SHANGHAI -- Dealers in China have good reason to criticize carmakers for burdening them with excessive vehicle stockpiles -- a market dynamic that has forced them to slash prices and swallow losses. But a report released this month by the China Automobile Dealers Association shows that retailers are partially to blame for their predicament. Pictured: Yang Jian is managing editor of Automotive News China.
NEW DELHI -- Weak demand for sleek Jaguars in China battered the latest quarterly profits of its parent Tata Motors, showing that the company lacks agility in a market where the appetite for luxury has ebbed. Tata's net profit for the fiscal fourth quarter fell a worse-than-expected 56 percent. Sales of Jaguar Land Rover vehicles in China, its biggest market, fell 20 percent in the first three months of 2015, when overall car sales in China grew 3.9 percent. Given inventory accumulating on dealership lots, Jaguar Land Rover will need to cut its price tags eventually, whether directly or through discounts offered to China dealers.
SHANGHAI -- If the design of Nissan Motor Corp.'s newest car for China looks in-your-face, over-the-top and brash with no apologies, then so is the latest consumer trend it aims to tap. Daqi, the Chinese term encompassing a desire for status, pomp and harmony, is so yesterday. In today's China, consumer taste is all about baqi, a flamboyant individuality that stands out from the crowd. That is the driving force behind China's coveted up-and-coming younger generation.
TURIN -- General Motors sees "attractive" growth opportunities for diesel-powered vehicles in China, GM President Dan Ammann said. Sales of diesel-powered vehicles will grow, Ammann said on Tuesday, because a diesel is an "intrinsically more efficient engine" than a gasoline engine. "We see attractive growth opportunities [for diesels] in the U.S. and, over time, also in Asia and specifically in China," Ammann told reporters.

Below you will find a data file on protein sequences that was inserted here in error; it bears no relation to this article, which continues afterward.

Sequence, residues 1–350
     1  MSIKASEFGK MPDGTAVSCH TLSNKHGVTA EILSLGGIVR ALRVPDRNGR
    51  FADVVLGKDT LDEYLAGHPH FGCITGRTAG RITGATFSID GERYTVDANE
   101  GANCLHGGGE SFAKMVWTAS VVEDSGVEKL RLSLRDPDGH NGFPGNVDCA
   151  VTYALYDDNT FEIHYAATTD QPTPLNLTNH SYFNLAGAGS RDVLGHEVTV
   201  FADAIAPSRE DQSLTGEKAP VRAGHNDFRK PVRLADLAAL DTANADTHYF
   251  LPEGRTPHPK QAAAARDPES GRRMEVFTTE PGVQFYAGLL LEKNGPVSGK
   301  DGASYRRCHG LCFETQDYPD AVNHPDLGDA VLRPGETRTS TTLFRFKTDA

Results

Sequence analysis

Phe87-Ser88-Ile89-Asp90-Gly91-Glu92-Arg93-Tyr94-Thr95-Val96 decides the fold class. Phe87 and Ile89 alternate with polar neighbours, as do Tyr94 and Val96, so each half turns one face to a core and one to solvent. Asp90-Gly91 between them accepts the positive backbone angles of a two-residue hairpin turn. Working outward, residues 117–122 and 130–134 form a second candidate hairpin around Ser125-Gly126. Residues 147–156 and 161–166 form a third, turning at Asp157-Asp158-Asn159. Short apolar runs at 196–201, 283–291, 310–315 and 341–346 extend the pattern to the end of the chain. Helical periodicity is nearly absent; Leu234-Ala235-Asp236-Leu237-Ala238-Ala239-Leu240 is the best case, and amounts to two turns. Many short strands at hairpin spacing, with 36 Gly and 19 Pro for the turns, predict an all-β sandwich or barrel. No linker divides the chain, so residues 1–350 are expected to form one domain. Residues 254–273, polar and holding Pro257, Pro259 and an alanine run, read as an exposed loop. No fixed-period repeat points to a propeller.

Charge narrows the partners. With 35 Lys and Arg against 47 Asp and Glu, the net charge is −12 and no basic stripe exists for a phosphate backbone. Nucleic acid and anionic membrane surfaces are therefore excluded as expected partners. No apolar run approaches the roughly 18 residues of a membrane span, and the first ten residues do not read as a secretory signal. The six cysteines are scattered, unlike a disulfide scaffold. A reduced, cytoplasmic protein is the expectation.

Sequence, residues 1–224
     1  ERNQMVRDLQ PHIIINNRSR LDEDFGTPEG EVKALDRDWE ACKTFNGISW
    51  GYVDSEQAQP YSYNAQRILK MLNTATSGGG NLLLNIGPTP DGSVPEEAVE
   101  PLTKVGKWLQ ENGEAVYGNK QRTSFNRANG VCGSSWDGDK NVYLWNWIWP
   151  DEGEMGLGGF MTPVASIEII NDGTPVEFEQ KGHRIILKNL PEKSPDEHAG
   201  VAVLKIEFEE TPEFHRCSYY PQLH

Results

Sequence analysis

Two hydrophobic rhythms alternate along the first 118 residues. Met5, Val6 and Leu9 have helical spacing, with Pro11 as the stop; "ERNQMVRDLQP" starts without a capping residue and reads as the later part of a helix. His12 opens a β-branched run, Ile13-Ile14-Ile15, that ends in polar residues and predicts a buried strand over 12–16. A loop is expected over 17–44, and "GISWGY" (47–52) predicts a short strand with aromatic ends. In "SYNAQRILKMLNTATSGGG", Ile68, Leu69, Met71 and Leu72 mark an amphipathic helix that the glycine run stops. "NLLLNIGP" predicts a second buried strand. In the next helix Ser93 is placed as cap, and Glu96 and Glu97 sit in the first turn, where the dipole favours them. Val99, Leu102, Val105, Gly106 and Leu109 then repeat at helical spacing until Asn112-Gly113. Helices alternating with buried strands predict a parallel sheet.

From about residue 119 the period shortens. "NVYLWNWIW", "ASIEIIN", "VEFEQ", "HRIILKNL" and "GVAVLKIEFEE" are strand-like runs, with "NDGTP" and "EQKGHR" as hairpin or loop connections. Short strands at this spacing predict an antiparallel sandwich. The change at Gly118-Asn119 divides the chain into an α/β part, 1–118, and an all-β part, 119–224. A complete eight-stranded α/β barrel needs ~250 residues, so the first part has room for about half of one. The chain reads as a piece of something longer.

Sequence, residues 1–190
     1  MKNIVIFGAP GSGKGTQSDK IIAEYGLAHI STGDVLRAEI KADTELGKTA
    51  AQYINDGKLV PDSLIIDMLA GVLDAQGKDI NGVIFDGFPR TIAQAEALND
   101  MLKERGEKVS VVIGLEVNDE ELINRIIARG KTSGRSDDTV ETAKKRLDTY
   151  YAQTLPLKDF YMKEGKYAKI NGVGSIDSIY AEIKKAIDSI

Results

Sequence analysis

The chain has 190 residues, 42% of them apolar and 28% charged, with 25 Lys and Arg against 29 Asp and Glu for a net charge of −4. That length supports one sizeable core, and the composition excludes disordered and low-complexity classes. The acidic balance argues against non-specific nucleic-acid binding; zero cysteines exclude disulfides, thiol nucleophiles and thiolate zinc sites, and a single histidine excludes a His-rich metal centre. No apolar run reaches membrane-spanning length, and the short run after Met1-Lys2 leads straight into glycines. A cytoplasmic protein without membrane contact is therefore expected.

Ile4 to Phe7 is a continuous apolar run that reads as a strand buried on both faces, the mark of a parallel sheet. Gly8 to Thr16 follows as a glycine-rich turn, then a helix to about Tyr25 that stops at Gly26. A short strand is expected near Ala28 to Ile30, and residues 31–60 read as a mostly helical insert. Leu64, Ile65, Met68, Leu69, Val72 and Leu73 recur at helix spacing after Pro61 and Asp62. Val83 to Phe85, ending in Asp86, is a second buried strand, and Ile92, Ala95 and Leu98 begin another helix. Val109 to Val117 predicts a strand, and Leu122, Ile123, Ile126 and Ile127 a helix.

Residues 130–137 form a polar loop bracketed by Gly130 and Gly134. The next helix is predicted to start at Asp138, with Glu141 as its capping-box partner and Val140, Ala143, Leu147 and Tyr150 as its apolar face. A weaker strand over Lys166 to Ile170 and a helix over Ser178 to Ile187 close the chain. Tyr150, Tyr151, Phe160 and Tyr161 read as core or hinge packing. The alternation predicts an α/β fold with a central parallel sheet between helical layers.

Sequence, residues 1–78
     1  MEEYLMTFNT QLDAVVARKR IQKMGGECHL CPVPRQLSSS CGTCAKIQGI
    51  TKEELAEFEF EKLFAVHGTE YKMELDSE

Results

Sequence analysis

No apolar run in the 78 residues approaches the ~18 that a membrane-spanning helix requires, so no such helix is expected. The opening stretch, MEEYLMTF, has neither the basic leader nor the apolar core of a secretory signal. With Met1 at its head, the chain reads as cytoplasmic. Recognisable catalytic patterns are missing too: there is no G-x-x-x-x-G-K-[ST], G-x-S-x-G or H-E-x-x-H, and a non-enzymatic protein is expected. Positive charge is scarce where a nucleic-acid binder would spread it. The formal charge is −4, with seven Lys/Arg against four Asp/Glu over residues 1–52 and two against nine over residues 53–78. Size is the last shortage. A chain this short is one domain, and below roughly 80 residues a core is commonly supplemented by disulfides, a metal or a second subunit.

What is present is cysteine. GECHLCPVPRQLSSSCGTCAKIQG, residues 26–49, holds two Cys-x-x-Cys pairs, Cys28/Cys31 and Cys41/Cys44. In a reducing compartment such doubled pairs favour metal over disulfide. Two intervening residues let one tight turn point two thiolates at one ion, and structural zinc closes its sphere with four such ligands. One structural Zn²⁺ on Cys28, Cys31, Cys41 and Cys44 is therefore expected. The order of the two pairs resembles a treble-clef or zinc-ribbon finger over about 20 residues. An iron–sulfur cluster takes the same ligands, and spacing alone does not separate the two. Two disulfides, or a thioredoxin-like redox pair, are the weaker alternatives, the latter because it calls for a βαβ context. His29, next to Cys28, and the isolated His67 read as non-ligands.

Newly minted Chinese millionaires have long heralded their status by buying big, expensive cars such as Porsche's Cayenne SUV. The penchant of rich mainlanders for flaunting their wealth is a big reason that China is set to dethrone the U.S. as the luxury brand's biggest market this year. But after a government crackdown on graft and conspicuous consumption, growth in luxury-car sales is slowing, and Chinese buyers are settling for less opulent models.
In a sign that China's booming stock market is prying open purse strings among the rich, McLaren Automotive said demand is growing for its supercars such as the 3.8 million yuan ($612,500) 650S coupe. Sales and dealer traffic for the past two months have been McLaren's "best ever" in China since entering the country 15 months ago, David McIntyre, the U.K. carmaker's regional director, said, without giving specific numbers.
BYD Co. plans to raise 10 billion yuan ($1.61 billion) in a private A-share placement, people familiar with the matter said, amid a stock-market rally in which the company's Shenzhen-traded shares have almost doubled in value this year. BYD is working with banks such as China International Capital Corp., China Merchants Securities Co., Guosen Securities Co. and UBS Group AG on the plan, said sources who asked not to be named.
HONG KONG -- Private equity firm Warburg Pincus on Wednesday launched a sale of shares worth up to $341 million (2.12 billion yuan) in CAR Inc., China's largest car rental company. CAR Inc. hopes to benefit from a market rally, since its stock price has more than doubled since its initial listing in September.
TOKYO -- Three years ago this September, Japanese automakers learned a nasty lesson about the power of history and nationalism in China. Their sales in the world's No. 1 market plunged amid a violent public backlash against Japanese cars following a territorial row between Tokyo and Beijing. Their market share has yet to recover. Unfortunately for the Japanese automakers, that not-so-distant history of Japan bashing may soon repeat itself. This August marks the 70th anniversary of the end of World War II. Pictured: Hans Greimel is Asia editor of Automotive News
Volvo Car Corp. started exporting S60 sedans built in China to the United States last week as part of its plan to expand sales and market share globally. The vehicles, which are produced at Volvo's plant in the southwest China city of Chengdu, will be transported to Shanghai for shipment to the U.S.